Today we celebrate Dean Mary M. Case as she retires after a remarkable career. The following interview with Dean Case conducted by Carlos Sadovi, UIC News, highlights her many accomplishments and notable experiences in librarianship and during her sixteen years at UIC, as well as her plans for the future.
Congratulations, Dean Case!
I’m originally from a small town in Northern New York State. I first moved to Chicago to attend graduate school at Northwestern University. While there, I discovered librarianship and left to obtain a master’s degree in library science at the University of Michigan. I returned to the Northwestern Library where I worked for a decade in serials and acquisitions services, serving as a department head for many of those years. Then, interested in broadening my perspective, I spent two years as Northwestern’s Director of Program Review in the Office of the Vice President for Administration and Planning.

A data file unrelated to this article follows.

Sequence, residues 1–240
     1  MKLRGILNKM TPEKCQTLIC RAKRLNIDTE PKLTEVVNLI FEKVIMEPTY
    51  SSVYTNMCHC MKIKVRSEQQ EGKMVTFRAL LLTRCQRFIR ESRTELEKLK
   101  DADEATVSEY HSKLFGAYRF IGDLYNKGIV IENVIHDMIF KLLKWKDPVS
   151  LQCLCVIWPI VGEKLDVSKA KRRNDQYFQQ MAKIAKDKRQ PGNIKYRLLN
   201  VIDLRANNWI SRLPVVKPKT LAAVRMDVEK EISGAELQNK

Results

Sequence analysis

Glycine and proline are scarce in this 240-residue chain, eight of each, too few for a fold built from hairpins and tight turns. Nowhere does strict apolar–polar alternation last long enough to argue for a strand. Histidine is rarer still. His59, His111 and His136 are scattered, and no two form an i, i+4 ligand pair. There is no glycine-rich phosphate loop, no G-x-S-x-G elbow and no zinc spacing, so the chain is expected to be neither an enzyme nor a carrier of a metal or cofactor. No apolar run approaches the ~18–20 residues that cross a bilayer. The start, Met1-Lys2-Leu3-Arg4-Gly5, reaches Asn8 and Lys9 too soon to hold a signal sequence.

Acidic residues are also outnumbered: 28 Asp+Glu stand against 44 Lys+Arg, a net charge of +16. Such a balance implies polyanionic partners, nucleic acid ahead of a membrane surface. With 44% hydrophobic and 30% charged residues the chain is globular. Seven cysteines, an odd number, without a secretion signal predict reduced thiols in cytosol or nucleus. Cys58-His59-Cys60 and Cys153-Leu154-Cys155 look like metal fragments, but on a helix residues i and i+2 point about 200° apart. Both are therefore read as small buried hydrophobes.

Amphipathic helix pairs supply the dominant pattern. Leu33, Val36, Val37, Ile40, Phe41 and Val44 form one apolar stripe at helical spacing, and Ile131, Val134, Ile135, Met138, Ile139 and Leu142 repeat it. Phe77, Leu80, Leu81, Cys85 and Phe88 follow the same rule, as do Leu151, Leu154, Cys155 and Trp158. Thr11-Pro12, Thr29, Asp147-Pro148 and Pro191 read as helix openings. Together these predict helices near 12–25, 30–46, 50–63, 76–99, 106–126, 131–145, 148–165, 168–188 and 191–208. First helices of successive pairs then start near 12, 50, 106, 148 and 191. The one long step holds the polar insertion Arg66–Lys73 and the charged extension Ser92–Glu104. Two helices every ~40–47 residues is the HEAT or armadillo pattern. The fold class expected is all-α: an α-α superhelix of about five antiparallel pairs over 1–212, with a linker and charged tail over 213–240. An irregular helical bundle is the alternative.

From Northwestern, I moved to Washington, D.C., to take the position of Director of the Office of Scholarly Communications at the Association of Research Libraries (ARL). My job at ARL was to help transform the scholarly publishing system by promoting creative, innovative and alternative ways of sharing research results. Though I enjoyed my work at ARL, I began to miss being on a university campus. I was fortunate that when the UIC position came along, Provost Michael Tanner was willing to give me a chance, despite my somewhat unusual career path.
How long at UIC and why come here?
I came to UIC in July 2004 as University Librarian. I had lived in the Chicago area for almost two decades previously, and I loved Chicago. I also loved the idea of coming to an institution that was committed to educating the youth of the city and was deeply engaged with the community. UIC was an institution on the rise. I saw the role of University Librarian as a way of giving back to Chicago by helping the Library support the University’s commitment to urban, public higher education and ground-breaking research.